by Laura Tingo
The Union Sportsmen’s Alliance and the Washington state education system have a few things in common when it comes to youth, the outdoors, volunteerism and a solid work ethic. Recently, the two came together when a group of about eight students from the Puyallup School District’s training-transition Advance Program helped prepare for the USA’s 6th Annual Puget Sound Sporting Clays Shoot in Puyallup, WA, on October 23, 2014. The students volunteered to clean up the range at the Sumner Sportsmen’s Association, where the USA shoot was held, by picking up shell casings and performing various landscape maintenance tasks like edging, raking leaves and collecting firewood.
“They were awesome,” said Heather Tazelaar, USA Event Analyst who oversees the USA’s sporting clays tour. “These young adults worked really hard, and you could tell they took pride in their work and enjoyed being out there.”
Participating students, ranging from 18 – 21 years of age, benefit from the Advance Program by staying in school after achieving their high school diplomas to gain valuable experience in the working world through community volunteer projects. Each student lives with some level of developmental disability and must qualify for the program with a history of job experience. Launched in 2003, the program is completely optional and open to students until the age of 21.
Denita Caudill, a job coach who has been working with the kids for nine years, said preparing the range for the USA shoot marked the sixth year that students in the program have had the opportunity to volunteer with the Sumner Sportsmen’s Association.
“The program offers them a bridge to the community,” said Caudill. “I’ve been able to watch (the program) evolve and become what it is today. Our children grow in skills and confidence. It’s exciting to see it and see former students and their successes as young adults being good employees…knowing how we helped to build those skills that they now are relying on.”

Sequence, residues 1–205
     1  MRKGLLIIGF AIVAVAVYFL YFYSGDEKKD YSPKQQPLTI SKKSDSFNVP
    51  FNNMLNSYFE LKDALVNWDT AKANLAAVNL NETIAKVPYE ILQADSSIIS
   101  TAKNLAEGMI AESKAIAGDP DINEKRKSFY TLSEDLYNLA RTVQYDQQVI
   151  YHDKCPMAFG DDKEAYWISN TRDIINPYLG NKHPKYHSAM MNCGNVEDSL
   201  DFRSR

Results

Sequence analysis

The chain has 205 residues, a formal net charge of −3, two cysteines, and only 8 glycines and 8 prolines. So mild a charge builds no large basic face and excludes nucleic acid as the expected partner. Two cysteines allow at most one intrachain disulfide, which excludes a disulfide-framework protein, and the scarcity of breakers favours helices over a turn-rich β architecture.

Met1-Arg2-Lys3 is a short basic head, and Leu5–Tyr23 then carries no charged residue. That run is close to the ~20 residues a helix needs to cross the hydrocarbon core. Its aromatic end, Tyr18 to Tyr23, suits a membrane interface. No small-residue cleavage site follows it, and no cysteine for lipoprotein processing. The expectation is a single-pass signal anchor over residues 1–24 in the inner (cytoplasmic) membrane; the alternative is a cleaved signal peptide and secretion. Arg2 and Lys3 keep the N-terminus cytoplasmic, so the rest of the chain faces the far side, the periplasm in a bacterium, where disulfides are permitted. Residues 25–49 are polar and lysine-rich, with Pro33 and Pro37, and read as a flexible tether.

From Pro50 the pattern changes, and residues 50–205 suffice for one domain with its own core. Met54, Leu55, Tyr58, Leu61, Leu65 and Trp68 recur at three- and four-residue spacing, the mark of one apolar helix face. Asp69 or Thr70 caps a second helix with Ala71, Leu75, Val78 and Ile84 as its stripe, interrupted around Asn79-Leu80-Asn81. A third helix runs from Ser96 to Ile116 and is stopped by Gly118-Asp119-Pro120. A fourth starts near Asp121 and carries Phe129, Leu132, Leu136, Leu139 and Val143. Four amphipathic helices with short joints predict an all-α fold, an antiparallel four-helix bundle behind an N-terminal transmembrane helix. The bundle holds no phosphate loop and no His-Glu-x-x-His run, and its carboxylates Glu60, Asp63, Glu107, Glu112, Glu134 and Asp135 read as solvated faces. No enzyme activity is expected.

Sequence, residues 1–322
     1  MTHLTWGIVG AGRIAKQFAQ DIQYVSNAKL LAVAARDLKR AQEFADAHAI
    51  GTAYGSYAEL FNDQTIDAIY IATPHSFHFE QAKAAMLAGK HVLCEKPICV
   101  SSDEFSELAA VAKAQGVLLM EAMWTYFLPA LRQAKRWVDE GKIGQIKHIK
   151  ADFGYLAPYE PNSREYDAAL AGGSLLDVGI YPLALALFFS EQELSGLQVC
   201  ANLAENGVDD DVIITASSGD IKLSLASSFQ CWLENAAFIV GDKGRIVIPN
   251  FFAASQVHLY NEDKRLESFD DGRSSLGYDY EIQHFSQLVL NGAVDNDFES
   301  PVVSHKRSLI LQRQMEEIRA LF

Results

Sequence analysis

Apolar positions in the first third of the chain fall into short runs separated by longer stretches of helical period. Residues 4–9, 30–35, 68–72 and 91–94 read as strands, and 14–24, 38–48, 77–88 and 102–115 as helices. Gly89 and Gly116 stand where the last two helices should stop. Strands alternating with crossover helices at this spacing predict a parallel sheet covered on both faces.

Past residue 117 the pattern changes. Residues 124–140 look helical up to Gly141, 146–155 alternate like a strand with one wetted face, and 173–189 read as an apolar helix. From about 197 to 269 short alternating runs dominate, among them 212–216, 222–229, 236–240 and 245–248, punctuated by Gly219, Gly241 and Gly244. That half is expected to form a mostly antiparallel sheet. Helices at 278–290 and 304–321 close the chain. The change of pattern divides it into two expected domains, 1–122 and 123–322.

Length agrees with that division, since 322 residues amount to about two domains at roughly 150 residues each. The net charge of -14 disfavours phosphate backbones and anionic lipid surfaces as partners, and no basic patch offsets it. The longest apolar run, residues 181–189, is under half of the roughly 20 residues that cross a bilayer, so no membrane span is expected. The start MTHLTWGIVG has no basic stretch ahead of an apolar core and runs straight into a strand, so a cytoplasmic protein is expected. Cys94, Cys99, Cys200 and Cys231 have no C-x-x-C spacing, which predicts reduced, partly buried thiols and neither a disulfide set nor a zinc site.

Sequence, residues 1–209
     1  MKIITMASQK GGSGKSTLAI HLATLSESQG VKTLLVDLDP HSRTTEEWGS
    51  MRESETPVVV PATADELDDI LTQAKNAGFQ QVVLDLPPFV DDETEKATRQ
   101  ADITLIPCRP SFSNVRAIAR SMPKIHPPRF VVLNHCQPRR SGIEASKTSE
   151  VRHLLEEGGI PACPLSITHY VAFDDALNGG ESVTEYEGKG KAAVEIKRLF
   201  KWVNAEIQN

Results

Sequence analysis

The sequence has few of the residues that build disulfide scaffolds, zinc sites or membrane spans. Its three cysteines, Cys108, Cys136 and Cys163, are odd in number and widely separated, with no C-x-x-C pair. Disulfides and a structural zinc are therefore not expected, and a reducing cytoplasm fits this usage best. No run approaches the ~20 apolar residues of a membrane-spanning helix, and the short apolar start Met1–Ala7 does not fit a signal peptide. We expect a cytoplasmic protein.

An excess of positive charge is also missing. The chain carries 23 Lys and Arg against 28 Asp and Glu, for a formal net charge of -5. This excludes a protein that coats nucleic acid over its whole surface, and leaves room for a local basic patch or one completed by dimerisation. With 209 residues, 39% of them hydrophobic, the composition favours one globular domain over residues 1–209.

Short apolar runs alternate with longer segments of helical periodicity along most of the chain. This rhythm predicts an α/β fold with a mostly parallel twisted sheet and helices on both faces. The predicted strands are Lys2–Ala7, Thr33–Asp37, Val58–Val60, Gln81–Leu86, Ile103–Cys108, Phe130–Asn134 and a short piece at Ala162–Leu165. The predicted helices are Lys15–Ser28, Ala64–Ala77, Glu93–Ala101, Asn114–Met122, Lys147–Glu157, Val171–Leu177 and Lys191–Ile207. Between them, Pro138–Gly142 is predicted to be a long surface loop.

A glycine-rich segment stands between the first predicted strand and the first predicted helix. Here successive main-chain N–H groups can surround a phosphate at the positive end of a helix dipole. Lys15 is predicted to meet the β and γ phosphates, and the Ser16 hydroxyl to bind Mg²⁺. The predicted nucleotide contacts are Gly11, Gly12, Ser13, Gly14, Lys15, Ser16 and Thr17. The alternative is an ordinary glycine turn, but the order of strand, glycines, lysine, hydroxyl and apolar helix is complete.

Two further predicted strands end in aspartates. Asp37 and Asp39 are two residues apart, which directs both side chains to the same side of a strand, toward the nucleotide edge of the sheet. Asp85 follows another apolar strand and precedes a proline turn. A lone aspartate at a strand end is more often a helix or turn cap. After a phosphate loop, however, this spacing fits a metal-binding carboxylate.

Students that find success after the Advance Program often return to tell Caudill what the program meant to them in their professional journey. “One student referred to us as `his college,’” she said.
Donovan Noonan, a 19-year-old student in the Advance Program, said the program is good for building skills and that he enjoys the volunteer aspect.
“I hope to be a personal trainer, and now it’s up to seeing where these job experiences lead me,” Noonan said. “I can see myself continuing to volunteer in places like food banks, churches and with animal care.”
John Anderson has served the Advance Program as Work Crew Leader for nine years, organizing community work crews, assisting students with daily activities, providing oversight on-the-job, and fostering open communication between teachers, students and work site locations.
For him, it’s all about “…watching students grow in confidence to take on any task, seeing the quality and quantity of work improve…seeing the students graduate, get jobs and become a valuable member of society,” he said.
And as with Caudill, many students come back and check in with him. One student, following the volunteer experience at the Sumner Sportsmen’s Association, went on to be hired as a trap miner and range custodian.
Another, 20-year-old Bryce Quilici, said he likes “everything” about the program. His dream job is that of a firefighter or personal trainer. “I would like to help others reach their goals.”